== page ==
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Indigenous spirituality is a more complex phenomenon than the term spirituality alone, as generally understood, implies. Spirituality is closely bound up with culture and ways of living in Indigenous communities and requires a more holistic or comprehensive research approach. Two conceptual frameworks could help to orient Indigenous resilience research. One(More)
Resilience has been most frequently defined as positive adaptation despite adversity. Over the past 40 years, resilience research has gone through several stages. From an initial focus on the invulnerable or invincible child, psychologists began to recognize that much of what seems to promote resilience originates outside of the individual. This led to a(More)
Recurrence and reinfection of tuberculosis have quite different implications for prevention. We identified 267 spoligotypes of Mycobacterium tuberculosis from consecutive tuberculosis patients in Acapulco, Mexico, to assess the level of clustering and risk factors for clustered strains. Point cluster analysis examined spatial clustering. Risk analysis(More)
Social capital, as an asset or a resource for resilience, can be a characteristic of the community or the individual. As an individual asset, social capital consists of a person's relationships to available social resources. As a characteristic of communities, it consists of attributes such as trust, reciprocity, collective action, and participation.(More)
OBJECTIVES This 1999 study measured asthma prevalence among Latinos of different cultural traditions who live on the same streets and in the same buildings. METHODS Health promoters from El Puente in North Brooklyn, New York City, surveyed 3015 people in 946 households, asking standard asthma prevalence questions. RESULTS Some 46% of households(More)
CIET started supporting Canadian Aboriginal community-based researchers of resilience in 1995. An evolving approach to Aboriginal resilience used a combination of standard instruments and questionnaires of local design. Over the years, CIET measured personal assets like sense of coherence, spirituality, knowledge, pride in one's heritage, mastery or(More)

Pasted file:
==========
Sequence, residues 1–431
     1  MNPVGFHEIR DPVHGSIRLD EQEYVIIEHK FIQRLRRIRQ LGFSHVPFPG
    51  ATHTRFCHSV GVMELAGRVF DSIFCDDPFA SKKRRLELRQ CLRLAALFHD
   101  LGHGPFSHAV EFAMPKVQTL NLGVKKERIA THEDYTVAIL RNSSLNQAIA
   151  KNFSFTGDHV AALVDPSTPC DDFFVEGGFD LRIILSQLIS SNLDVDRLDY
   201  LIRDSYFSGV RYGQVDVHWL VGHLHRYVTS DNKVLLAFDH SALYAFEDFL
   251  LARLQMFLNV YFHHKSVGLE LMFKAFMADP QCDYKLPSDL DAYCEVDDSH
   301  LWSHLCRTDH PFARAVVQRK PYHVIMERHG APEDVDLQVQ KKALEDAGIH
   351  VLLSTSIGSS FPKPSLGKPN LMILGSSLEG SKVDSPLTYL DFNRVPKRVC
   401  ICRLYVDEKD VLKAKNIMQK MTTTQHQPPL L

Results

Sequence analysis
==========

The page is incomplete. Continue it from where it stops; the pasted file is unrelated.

BACKGROUND Household decision-makers decide about service use based largely on the costs and perceived benefits of health interventions. Very often this leads to different decisions than those imagined by health planners, resulting in under-utilisation of public services like immunisation. In the case of Lasbela district in the south of Pakistan, only one(More)
OBJECTIVE We sought to test methods for generating epidemiological evidence on health conditions of small, dispersed minority communities. METHODS We used community-based mixed methods including a cross-sectional survey in 5 purposely selected settlements of Khorakané Romá (Gypsies of Muslim culture) in Italy to study the living conditions and health(More)
OBJECTIVE To test whether community mobilization adds effectiveness to conventional dengue control. DESIGN Pragmatic open label parallel group cluster randomized controlled trial. Those assessing the outcomes and analyzing the data were blinded to group assignment. Centralized computerized randomization after the baseline study allocated half the sites to(More)
BACKGROUND Community participation was a core tenet of Primary Health Care as articulated in the 1970s. How this could be generated and maintained was less clear. This historical article describes development of protocols for evidence-based community mobilisation in five local administrative units (municipios) in the Mexican state of Guerrero between 1992(More)